Did you have much interaction with Rocco?

I did. The first official tour I ever went on was Plan B with World Industries for the summer. Rocco and Ternasky each drove a van and that was my first introduction to Steve. And I will say that any rumor you’ve heard about him is true, no matter how hard it seems to believe.

This was Rocco in his heyday of shopping sprees and throwing money around. $500 to do a trick. $100 to put your bare ass up against a window. If he had $200,000, he was spending $200,000. That’s how he was, laughing like a little kid in a candy store. He’s obviously a brilliant man but he enjoyed it all and went for it.

Do you have a best Rocco story from that tour? And how did he jive with the way Ternasky managed your team?

There is a bunch of stuff that is too fucked-up to talk about because of other people being involved so I can’t really share the best ones. But Rocco went for it so hard, man. He was always the ringleader of everything. Going out to buy a bunch of pies so we could drive around in the middle of the night and throw them at innocent people… like that clip of Colin doing it in the video. Shit like that happened all the time. Blowing up all the fireworks in a hotel lobby. He was the mastermind. But it all felt okay because it was like your Dad telling you to do it. Go ahead, it’s okay.

I don’t know if you ever heard these stories but Rocco was definitely down to buy hookers for the team. I won’t name any names but if you had a good day of skating or did well at a demo, you could get a hooker that night. I mean, I wasn’t even 18 yet and this is the type of thing I’m experiencing. I couldn’t believe it.

Mike was against all that shit. “Woah, woah… we need to reel this in!”

I remember he’d come to our room in the morning and there’d be 40oz bottles and whatever else lying around. He’d try to pinpoint it on people. Who did this? Who did that? It was always followed by a stern talking to where we’d all feel ashamed about everything. We didn’t want to let Mike down. Even though Steve said it was fine, most of us still had that moral obligation where we knew we had to behave better than that.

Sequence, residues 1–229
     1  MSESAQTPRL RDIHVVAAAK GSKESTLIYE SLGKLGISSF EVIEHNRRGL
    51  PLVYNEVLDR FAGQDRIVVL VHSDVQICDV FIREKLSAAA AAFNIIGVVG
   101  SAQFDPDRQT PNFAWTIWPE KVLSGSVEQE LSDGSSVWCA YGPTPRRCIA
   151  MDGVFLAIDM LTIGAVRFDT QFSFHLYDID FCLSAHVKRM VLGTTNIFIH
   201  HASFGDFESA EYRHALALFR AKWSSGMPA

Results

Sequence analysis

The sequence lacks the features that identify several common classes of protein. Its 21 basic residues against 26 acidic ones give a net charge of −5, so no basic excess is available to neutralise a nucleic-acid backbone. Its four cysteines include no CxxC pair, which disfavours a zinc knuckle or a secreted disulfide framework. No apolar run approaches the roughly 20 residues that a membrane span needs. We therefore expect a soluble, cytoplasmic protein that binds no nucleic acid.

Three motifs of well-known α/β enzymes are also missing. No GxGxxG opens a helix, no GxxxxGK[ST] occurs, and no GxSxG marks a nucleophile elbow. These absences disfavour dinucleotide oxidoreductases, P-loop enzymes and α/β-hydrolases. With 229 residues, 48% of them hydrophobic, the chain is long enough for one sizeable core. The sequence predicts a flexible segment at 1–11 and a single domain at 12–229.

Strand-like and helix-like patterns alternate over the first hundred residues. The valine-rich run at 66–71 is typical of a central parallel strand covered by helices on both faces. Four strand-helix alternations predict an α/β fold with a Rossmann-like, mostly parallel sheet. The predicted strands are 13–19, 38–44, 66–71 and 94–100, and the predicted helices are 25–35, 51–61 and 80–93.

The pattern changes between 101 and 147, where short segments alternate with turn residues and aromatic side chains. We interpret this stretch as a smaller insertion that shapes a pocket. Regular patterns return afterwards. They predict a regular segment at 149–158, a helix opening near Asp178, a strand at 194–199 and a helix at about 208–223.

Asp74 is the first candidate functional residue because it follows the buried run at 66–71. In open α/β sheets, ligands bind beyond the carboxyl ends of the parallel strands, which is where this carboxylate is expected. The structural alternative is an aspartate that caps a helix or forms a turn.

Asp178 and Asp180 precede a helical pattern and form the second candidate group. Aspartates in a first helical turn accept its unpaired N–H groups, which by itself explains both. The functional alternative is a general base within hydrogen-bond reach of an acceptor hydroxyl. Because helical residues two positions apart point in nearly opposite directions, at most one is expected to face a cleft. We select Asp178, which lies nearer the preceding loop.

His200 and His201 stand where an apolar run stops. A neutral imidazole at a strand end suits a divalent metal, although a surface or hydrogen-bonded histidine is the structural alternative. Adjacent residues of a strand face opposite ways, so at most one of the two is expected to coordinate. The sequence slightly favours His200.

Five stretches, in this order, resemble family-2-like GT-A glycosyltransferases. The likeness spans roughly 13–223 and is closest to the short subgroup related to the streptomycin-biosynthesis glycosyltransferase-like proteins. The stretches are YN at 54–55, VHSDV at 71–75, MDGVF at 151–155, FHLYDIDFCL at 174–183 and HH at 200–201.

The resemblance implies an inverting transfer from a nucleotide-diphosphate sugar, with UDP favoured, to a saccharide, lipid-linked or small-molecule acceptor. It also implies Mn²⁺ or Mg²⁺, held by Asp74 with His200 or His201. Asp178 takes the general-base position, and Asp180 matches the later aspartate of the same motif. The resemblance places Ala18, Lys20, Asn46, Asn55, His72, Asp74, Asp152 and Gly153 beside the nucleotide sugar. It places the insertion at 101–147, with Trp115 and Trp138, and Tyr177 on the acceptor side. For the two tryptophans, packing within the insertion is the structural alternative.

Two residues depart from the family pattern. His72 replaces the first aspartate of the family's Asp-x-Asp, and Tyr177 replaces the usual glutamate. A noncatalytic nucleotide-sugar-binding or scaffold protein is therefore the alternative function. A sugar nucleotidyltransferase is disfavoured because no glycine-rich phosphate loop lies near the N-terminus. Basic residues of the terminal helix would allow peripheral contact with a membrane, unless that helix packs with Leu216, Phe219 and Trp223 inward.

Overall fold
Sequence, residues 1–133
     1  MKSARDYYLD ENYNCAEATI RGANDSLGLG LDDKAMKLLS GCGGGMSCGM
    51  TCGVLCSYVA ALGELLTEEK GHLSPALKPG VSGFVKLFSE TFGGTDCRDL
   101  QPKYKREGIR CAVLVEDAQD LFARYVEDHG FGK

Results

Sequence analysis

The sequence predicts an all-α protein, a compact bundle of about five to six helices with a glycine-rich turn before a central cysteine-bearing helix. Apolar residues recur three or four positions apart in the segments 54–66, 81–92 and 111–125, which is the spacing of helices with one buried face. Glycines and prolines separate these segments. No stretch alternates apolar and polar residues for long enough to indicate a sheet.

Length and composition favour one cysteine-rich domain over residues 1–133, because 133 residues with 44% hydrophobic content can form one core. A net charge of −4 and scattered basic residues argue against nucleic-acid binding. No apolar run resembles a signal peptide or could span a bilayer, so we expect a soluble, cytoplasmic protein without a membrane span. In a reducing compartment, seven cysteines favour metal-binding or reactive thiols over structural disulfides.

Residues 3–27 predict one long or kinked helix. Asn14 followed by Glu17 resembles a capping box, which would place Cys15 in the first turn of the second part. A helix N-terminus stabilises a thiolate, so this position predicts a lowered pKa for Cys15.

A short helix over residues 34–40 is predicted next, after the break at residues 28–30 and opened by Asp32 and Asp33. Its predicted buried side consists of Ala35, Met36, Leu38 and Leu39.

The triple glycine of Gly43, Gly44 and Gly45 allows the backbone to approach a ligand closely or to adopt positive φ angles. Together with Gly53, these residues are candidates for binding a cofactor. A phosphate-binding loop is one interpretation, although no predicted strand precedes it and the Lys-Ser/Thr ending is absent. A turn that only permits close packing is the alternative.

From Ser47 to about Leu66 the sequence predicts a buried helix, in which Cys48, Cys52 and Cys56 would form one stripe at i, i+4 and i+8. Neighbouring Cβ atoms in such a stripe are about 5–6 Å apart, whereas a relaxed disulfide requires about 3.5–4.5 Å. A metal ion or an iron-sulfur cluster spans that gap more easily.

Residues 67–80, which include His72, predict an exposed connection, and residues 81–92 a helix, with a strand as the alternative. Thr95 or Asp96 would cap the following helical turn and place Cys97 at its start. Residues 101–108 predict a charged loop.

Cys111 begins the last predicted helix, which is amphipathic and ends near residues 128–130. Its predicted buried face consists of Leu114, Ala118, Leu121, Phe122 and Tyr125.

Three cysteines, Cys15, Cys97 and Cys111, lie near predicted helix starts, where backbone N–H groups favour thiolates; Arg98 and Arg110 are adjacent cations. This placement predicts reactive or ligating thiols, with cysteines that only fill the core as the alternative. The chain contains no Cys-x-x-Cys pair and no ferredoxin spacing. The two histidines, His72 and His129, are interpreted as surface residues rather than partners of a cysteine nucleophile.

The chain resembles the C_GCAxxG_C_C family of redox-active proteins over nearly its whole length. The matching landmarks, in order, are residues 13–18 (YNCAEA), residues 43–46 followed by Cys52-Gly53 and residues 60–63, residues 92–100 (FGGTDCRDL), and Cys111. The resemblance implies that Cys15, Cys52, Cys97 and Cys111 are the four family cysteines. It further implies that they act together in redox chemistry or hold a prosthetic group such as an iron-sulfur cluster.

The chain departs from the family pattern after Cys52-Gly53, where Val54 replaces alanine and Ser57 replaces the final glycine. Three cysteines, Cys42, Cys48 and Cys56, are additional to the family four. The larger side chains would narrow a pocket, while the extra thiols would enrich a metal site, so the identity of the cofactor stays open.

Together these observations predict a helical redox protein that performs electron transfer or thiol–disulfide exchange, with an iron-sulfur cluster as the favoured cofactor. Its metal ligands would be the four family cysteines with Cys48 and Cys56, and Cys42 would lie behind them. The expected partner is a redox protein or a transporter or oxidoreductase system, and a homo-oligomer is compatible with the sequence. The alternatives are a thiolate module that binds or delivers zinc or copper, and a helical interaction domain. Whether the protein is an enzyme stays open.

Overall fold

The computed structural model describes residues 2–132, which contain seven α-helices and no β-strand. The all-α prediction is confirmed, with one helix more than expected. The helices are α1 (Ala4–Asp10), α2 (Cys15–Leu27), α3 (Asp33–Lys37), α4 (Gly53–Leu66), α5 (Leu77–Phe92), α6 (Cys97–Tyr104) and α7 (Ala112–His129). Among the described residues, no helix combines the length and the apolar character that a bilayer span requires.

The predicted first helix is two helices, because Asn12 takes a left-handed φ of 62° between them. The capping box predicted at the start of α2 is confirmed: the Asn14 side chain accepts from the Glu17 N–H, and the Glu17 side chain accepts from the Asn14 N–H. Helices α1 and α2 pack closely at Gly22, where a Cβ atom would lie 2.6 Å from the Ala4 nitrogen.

So after breaking out with your A1 meats footage and now being part of this highly-anticipated video, did you feel any pressure with filming Questionable?

I didn’t feel pressure but I honestly wasn’t so happy with how my Questionable part came out. At the same time, I had a bad experience in life outside of skateboarding after somebody slipped acid in my beer while on a camping trip in Minnesota. I ended up having this crazy bad acid trip where I basically thought I was losing my mind. It fucked me all up and I honestly didn’t really talk about it for years out of fear that doing so could make it happen again.

So I’m going through this thing where I’m afraid of simply living altogether while at the same time trying to get Plan B thing off the ground.

Not the best foundation for a solid video part.

Not at all. I just wasn’t on top of my game.

The thing with that part… remember when you brought up feeling pigeonholed into skating a certain way? Mike did push street skating in my part, for sure. I would’ve preferred it to be like my A1 Meats part where I’m skating all kinds of different stuff again. And it was to a degree, everyone had their parts and there was the Mini Ramp part.

Some of your best clips were actually in that mini ramp part instead of your main part! But everything was so street-focused by that point.

The whole thing with Questionable is that it felt very structured. You know in school when you have to write an outline for a report? The production felt regimented where you had Subsection A with tricks 1,2 and 3 before moving on to Subsection B with those tricks. I just don’t work like that.

Was “Bubbles” your song choice?